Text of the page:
CATHOLIC NEWS OF THE WEEK . Sunday, 1 September 2019

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New cardinal shares on his vision for Hong Kong


HONG KONG (AsiaNews): “I feel very unworthy of this position. But I am also grateful for the honour,” Bishop John Tong Hong told AsiaNews on the eve of his elevation to the rank of cardinal, which took place in St. Peter’s Basilica in Rome on February 18.

“I have no reason to deserve this. It was a decision of the Holy Father, who wants to show his appreciation for the Church in China. It is a real encouragement for the Church of Hong Kong, which will continue its role as a bridge Church for the faithful of mainland China,” the cardinal-designate from Hong Kong said.

As the first Hong Kong-born cardinal in history, Bishop Tong expressed gratitude to the two living Chinese cardinals, 90-year-old Paul Cardinal Shan Kuo-his, from Taiwan, and his predecessor as the bishop of Hong Kong, the 80-year-old Joseph Cardinal Zen Ze-kiun.

“We can benefit from an older person’s wisdom,” he said. “Cardinal Zen is still working hard and with determination. We respect his opinion and his wisdom.”

He added that Cardinal Shan in Taiwan is still holding retreats and conferences in retirement.

The 72-year-old cardinal-designate explained that the position of his diocese of Hong Kong as a bridge Church with China has developed in a new way over the past 20 years, as there is now two-way traffic between the mainland and the special administrative region.

”In fact there is a two-way exchange,” he said. “Hong Kong now, rather than a bridge Church, can be considered a sister-Church to China. We do not know what harvest all of this sowing will yield, but hopefully it will be an abundant one.”

He added that he believes that the Vatican Commission on China, which was launched in the wake of the June 2007 letter of Pope Benedict XVI to Chinese Catholics, has also produced many results.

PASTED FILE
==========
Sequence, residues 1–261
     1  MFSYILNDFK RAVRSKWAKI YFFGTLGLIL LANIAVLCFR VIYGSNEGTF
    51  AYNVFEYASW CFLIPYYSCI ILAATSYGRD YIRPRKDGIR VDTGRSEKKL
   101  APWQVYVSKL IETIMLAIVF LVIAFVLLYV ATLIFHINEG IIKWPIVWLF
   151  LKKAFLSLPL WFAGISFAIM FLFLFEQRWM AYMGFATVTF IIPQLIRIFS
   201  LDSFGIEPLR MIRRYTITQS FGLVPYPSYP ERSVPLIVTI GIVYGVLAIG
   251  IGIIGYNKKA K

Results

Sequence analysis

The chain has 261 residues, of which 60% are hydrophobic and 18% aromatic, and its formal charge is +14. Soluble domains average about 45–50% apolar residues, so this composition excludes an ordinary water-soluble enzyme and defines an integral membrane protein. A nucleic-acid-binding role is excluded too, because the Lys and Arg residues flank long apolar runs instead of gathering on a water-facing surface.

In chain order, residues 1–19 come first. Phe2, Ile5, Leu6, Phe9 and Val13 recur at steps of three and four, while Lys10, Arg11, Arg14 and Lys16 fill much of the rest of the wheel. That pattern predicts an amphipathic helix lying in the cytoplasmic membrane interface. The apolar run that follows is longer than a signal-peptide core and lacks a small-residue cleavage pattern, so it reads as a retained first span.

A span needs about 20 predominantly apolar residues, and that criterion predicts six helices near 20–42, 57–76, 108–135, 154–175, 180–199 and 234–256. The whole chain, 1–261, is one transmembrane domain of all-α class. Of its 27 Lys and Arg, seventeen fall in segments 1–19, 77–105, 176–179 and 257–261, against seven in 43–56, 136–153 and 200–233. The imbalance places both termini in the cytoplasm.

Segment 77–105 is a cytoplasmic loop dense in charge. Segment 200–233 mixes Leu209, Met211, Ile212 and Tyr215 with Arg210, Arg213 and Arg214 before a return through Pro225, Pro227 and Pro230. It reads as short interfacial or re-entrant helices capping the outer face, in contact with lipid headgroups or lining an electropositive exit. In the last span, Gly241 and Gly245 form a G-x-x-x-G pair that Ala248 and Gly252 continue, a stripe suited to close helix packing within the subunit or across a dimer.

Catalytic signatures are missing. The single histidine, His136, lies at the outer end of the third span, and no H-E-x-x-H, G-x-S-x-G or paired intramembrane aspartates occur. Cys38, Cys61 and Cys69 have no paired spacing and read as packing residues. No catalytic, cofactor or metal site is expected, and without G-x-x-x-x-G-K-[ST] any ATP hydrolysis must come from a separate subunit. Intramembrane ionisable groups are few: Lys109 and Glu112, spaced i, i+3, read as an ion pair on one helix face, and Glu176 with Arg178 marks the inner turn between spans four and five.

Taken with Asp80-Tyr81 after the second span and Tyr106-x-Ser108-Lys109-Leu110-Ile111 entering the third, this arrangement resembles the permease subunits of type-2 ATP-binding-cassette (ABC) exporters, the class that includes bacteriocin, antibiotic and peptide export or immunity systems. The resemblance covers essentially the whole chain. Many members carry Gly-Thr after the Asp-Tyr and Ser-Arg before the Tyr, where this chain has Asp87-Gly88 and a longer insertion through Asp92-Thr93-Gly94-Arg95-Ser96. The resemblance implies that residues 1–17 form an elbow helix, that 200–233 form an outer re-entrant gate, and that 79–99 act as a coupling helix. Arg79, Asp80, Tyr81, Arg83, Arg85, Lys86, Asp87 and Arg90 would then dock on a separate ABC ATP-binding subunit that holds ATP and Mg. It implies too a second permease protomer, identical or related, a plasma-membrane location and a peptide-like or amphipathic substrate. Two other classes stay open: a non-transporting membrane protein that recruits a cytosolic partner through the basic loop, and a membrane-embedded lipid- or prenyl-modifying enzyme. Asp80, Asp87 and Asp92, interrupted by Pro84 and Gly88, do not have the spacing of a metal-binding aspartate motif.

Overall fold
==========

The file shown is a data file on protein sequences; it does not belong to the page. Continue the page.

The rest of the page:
“The letter informs the government that the Church has no political aims or interests, but encourages its members to improve their nation and make an active contribution to society,” he explained.

He added that it also highlights the need for better formation of all Catholics in China, especially the priests and sisters who bear much of the responsibility for the formation of the laity.

However, while the media and some groups place huge stress on the formation of diplomatic relations between the Holy See and Beijing, the cardinal-designate said that he believes this is only one element in the overall issue.

He told AsiaNews that the division between the official and unofficial communities of the Church in China has always been a big stumbling block, but even in this area, there has been improvement over the years since the pope penned his letter.

“There are still tensions and attacks,” he noted, “especially on the part of the underground community—but they are very small compared with the past.”

He explained that another area of deep concern is the continued detention of bishops, priests and some Catholic people on the mainland, and he is trying to address this by fostering a better rapport or relationship with the Chinese authorities.

He said that he is especially concerned about the fate of two aged bishops, Bishop James Su Zhimin and Bishop Cosma Shi Enxiang.

“I would begin to express my concerns about the imprisonment of these two bishops,” he continued, noting that when he was invited to attend the opening of the 2008 Beijing Olympic Games he was able to say that he was happy to be there and that the games opened the opportunity to bring glory to the nation.

“Once we established a minimum of trust, I told them that being Catholic I was worried about the Chinese bishops in prison and explained to them that this fact is not good for the nation,” he continued.

“At the same time, with their release, China may enjoy the highest of reputations in the international community,” the cardinal-designate said.

On February 20, Cardinal Tong celebrated a Mass at his alma mater in Rome, the Pontificio Collegio Urbano, for friends and the members of the delegation who travelled from Hong Kong for the occasion of his elevation to the ranks of cardinal.

The full text of his homily is published on page 12 of this issue of the Sunday Examiner.


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